13 June 2024

GreenAir News

Reporting on aviation and the environment

Newcomer Alder Fuels secures multimillion-dollar investment from United and Honeywell and signs largest-ever SAF purchase offtake

United Airlines and Honeywell have announced a joint multimillion-dollar investment in Alder Fuels, a new cleantech venture headed by Bryan Sherbacow, founder of AltAir Fuels (now World Energy), the world’s first commercial sustainable aviation fuel (SAF) producer. United has also agreed to purchase 1.5 billion gallons of SAF over 20 years, the largest publicly announced SAF agreement to date, reports Susan van Dyk. The airline says the purchase is one-and-a-half times the size of the rest of the world’s airlines’ publicly announced SAF commitments combined. Alder claims it will be pioneering first-of-its-kind technologies to produce SAF at scale by converting abundant biomass, such as forest and crop waste, into sustainable low-carbon, drop-in replacement crude oil that can be used to produce aviation fuel. When coupled with Honeywell’s Ecofining process, the start-up says the technologies could have the ability to produce a carbon-negative fuel across the full lifecycle at a specification with today’s jet fuel.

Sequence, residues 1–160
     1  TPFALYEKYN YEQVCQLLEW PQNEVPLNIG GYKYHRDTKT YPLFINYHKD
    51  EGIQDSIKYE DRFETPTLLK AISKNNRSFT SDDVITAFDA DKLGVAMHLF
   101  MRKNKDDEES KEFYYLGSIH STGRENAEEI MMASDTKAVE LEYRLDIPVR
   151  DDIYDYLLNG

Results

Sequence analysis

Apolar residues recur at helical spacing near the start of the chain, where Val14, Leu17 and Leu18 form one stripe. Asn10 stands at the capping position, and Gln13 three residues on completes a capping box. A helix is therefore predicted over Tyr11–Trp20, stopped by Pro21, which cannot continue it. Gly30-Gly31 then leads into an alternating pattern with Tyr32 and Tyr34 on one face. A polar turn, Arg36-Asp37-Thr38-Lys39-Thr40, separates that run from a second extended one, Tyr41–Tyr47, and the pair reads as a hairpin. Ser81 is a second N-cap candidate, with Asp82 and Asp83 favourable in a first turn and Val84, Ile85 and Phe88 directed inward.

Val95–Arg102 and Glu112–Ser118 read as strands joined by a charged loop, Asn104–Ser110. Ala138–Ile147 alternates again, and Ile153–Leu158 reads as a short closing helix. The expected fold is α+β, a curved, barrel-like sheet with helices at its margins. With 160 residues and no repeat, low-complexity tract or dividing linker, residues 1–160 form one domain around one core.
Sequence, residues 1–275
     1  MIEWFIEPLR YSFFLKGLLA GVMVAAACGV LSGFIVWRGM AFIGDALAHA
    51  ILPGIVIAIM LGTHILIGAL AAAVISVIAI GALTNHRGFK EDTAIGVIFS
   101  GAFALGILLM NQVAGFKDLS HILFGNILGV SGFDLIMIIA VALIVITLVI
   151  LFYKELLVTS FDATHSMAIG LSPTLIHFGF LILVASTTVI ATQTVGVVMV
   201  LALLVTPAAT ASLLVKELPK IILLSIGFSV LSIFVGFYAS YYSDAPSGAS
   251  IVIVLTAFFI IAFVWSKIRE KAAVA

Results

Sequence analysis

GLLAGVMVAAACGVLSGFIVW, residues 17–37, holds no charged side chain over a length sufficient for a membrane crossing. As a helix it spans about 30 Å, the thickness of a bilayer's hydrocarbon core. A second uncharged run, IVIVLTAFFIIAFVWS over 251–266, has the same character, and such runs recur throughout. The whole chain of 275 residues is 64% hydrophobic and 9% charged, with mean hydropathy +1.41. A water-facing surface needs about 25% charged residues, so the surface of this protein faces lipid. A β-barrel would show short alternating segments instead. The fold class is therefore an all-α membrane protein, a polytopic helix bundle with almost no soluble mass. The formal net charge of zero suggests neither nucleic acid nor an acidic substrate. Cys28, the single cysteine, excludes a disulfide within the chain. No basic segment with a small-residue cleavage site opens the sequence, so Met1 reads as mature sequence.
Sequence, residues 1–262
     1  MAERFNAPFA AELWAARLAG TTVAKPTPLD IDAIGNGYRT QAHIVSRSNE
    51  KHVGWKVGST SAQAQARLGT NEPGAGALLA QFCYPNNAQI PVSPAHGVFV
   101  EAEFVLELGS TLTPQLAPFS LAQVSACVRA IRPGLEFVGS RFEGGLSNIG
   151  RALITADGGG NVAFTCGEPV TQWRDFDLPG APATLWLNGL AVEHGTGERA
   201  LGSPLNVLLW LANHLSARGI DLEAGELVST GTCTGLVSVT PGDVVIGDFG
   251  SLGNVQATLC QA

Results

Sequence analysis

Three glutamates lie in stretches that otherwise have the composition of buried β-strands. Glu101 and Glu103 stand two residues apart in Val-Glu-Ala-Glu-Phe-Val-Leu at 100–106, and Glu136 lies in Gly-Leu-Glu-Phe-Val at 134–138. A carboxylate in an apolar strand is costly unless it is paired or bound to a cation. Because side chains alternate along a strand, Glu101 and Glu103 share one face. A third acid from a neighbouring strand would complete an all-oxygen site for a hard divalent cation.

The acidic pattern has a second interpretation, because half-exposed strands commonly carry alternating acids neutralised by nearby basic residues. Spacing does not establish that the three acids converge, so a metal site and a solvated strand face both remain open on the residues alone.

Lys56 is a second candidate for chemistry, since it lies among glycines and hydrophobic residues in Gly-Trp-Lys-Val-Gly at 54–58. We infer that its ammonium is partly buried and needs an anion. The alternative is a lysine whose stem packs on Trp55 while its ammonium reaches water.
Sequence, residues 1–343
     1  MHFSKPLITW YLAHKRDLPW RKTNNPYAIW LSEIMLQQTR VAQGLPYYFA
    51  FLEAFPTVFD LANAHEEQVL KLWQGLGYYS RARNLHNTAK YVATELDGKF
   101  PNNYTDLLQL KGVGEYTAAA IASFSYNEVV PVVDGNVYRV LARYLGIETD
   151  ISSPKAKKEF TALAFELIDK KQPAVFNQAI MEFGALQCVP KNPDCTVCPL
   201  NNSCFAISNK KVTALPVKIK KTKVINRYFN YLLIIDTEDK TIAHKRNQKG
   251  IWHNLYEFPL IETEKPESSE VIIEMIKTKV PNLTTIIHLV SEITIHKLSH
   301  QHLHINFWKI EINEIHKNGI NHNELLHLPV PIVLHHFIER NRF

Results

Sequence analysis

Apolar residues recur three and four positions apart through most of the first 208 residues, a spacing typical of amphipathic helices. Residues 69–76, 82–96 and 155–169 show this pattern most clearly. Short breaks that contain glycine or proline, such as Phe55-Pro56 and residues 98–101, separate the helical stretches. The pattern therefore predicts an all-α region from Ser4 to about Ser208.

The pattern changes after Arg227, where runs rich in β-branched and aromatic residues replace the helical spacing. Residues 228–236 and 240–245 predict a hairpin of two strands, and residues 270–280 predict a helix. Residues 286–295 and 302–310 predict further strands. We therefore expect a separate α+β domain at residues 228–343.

United has pledged to reduce 100% of its greenhouse gas emissions by 2050 through large investments in SAF production, carbon capture and sequestration, and electric aircraft. It was the first airline to use SAF in regular operations on a continuous basis. Since then, the carrier has purchased more SAF than any other airline and now with this agreement has more than 70% of the airline industry’s publicly announced SAF commitments.